b) Collaborative participation is where adults – having identified a problem that
needs to be addressed or decided to set up a particular programme – involve children
in helping to work out what needs to be done and how. In other words, it involves a
degree of partnership between adults and children. For example, a government might
decide to set up a children’s rights ombudsman or commissioner. However, having
made the initial decision without children, they then involve children in designing the
role, drawing up the job description, the recruitment process, and ongoing support and
engagement in the work of the official appointed to the role. Children are collaborators
in the implementation of the decision. Although the children’s ombudsman is a position
that is run and managed by adults, it is constantly informed and influenced by children.
In this way, it is a form of collaborative participation that provides the opportunity for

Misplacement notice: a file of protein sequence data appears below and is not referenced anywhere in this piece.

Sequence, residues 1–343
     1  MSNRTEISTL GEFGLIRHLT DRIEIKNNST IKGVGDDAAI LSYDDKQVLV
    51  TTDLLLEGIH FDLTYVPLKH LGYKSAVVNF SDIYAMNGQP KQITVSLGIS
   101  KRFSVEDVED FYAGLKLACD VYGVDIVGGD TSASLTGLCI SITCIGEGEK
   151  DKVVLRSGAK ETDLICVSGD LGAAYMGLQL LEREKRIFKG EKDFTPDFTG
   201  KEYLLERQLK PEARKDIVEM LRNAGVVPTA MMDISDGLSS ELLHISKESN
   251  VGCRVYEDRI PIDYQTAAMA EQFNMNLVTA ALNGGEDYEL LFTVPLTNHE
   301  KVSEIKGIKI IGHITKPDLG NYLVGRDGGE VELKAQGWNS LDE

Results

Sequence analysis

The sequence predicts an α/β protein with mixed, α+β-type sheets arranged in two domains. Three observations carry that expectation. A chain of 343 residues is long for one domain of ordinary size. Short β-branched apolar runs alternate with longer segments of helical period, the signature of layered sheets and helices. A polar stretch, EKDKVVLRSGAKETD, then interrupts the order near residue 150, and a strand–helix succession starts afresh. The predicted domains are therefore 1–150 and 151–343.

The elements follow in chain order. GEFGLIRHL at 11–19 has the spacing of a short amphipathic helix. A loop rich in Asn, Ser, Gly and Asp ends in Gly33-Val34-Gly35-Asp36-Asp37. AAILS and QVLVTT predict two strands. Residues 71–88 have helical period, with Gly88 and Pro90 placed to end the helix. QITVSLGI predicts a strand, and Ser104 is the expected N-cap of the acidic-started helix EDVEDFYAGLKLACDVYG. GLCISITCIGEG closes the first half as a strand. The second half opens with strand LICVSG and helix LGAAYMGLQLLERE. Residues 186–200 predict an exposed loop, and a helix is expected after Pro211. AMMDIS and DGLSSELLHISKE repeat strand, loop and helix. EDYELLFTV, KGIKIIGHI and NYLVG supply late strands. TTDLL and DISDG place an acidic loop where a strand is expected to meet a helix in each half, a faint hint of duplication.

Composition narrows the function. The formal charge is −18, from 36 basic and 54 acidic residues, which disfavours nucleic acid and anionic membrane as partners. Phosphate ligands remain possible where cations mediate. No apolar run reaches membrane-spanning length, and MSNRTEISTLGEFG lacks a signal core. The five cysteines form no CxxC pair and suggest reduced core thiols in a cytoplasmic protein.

active engagement on an ongoing basis.
It can be characterised as:
adult-initiated
l
involving partnership with children
l
empowering children to influence or challenge processes and outcomes
l
allowing for increasing levels of self-directed action by children over a period of time.
l
6
Collaborating with children to provide
better protection3
In response to the influx of Afghan refugees into Pakistan following the US attack
on Afghanistan in 2011, Save the Children began an initiative to strengthen
children’s protection and well-being in the refugee camps. They introduced a
process known as Reflect-Action to bring together groups of children and adults
within the camps to explore children’s concerns. Reflect-Action is defined as “a
structured participatory learning process, which facilitates people’s critical analysis
of their environment, placing empowerment at the heart of sustainable and
equitable development…”
1 The scope of children’s participation in programmes
Collaborative participation might include involving children in designing and undertaking
research, policy development, or peer education and counselling, or it might include
children’s participation in conferences, or their representation on boards or
committees. Individual decisions within the family, or in education and healthcare
services, can also be collaborative rather than consultative, and involve children more
fully in decision-making processes. For example, a child can decide together with his or
her parents whether to go ahead with a particular medical intervention. Collaborative